The Voice Inside Her Head

The Voice Inside Her Head

by Jerrad Hardin

The teacher’s lecture faded to the background, and Emma Brown’s mind wandered away. Her first thought drifted toward the game after school against Booneville – a conference rival.

A hint of a smile crept to one side of Emma’s face. She knew that the team depended on her to perform well as the pitcher for the big game. For a moment, she liked the idea. Then her expression changed, as she scribbled on her notepad.

The body aches when the mind wakes.

Steps are involuntary, breathing a chore.

Being lost isn’t confusing, it’s something more.

A day begins, mirroring the night’s end.

What to do, I just want to sleep.

Being lost isn’t superficial, it’s buried deep.

Voices are passing, constant harassing.

The darkness is found at the bottom of the pit.

Being lost isn’t …

Mr. Brooks put his finger on Emma’s notepad and leaned his head to meet her eyes and said, “Emma, I’d like to have a word with you after class.”

Emma folded her notebook shut and nodded.

Mr. Brooks stood straight and didn’t miss a beat in concluding his lecture. When the bell rang, Emma approached the teacher’s desk.

“You wanted to see me?”

Mr. Brooks wore a flat expression but tried a smile. “Emma, can you tell me about the poem you were writing during my lecture?”

Emma’s heart raced and the acid in her stomach rose. She stammered, “It’s nothing. Just some silly words.”

Brooks stood and extended a hand. “Can I see it?”

Emma reluctantly gave it to Mr. Brooks. He flipped through the pages and found partial notes from his lectures, a few odd drawings, and more poems like the one Emma had started during the day’s lecture.

“Emma, I’m concerned.”

She rushed to explain, “No, Mr. B. There’s no need, really. The words are just a way for me to express some my feelings. It may seem dark, but it’s nothing. Really.”

Mr. Brooks removed his glasses and tapped them against the cover of the notebook. “Emma, are you depressed?”

“No, sir. I’m happy. Really happy. We have the big game tonight with Booneville.”

“And are you worried about it in any way? Feeling pressured? Is everything okay at home?”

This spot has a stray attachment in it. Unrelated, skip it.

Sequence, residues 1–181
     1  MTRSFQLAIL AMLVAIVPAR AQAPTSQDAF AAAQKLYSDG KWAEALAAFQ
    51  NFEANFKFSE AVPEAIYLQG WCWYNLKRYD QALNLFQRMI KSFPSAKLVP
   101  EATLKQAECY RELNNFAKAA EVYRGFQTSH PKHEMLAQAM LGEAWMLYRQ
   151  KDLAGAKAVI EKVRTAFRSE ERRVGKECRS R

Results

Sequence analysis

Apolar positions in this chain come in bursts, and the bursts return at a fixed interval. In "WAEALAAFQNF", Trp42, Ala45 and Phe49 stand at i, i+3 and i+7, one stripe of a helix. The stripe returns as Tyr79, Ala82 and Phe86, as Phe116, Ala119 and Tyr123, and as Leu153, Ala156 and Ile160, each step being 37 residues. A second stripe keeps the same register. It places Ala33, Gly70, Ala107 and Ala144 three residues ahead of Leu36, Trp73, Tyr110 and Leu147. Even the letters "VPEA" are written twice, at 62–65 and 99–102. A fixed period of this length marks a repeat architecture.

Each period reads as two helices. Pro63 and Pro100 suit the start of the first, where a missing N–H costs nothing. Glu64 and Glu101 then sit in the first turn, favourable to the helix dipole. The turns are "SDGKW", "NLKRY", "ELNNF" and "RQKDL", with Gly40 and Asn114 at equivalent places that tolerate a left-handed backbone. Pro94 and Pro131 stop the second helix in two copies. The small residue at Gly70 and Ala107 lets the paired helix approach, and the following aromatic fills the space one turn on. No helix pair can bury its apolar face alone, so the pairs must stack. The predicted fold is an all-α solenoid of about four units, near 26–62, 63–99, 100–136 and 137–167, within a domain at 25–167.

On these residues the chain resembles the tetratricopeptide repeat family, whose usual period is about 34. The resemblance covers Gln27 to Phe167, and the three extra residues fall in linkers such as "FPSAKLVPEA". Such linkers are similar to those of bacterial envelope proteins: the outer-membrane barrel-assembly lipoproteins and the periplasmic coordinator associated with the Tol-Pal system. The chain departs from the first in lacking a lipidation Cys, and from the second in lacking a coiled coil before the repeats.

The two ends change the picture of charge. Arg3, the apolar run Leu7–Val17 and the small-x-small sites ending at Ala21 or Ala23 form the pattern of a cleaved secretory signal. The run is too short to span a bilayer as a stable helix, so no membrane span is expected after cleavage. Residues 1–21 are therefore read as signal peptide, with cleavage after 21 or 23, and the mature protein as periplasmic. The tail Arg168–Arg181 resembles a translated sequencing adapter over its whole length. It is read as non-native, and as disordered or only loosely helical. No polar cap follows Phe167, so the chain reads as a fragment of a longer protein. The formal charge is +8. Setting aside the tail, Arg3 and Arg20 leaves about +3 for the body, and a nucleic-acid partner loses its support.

Emma faked a convincing smile and said, “Mr. Brooks, I’m a creative writer. That’s all. I don’t feel any pressure and my parents are great.”

Mr. Brooks passed the notebook back to Emma and nodded, “Okay, kiddo. But you’re going to need to pay more attention in class. You’re missing all the details.”

Emma thanked Mr. Brooks and promised to be more attentive. When she reached the hallway, she took a deep breath in and blew it out.

That was close,” she heard the voice in her head say. “You're so stupid.”

A tear escaped down Emma’s cheek. She wiped it away with the back of her hand and navigated the hallway to her locker.

The voice said, “You should do everyone a favor and go home. Skip the rest of the day. Take those pills from your mother’s cabinet and go to sleep.”

“Shut up,” Emma growled through her teeth.

Monica Rodriquez, Emma’s best friend and teammate, slung an arm around her and laughed, “You talking to yourself again?”

Emma smiled and recovered, “Thinking about what I wanted to say to Brooks. Guess I must’ve said it out loud.”

“Yeah, you’ve been doing that a lot lately,” Monica smiled and continued, “everything okay?”

“Other than I’m going to be late for my next class, yeah, I’m fine.”

Emma and Monica walked side by side down the busy hall.

“Big game tonight. We're going to need you to pitch a good one. You ready?”

“Always,” Emma said.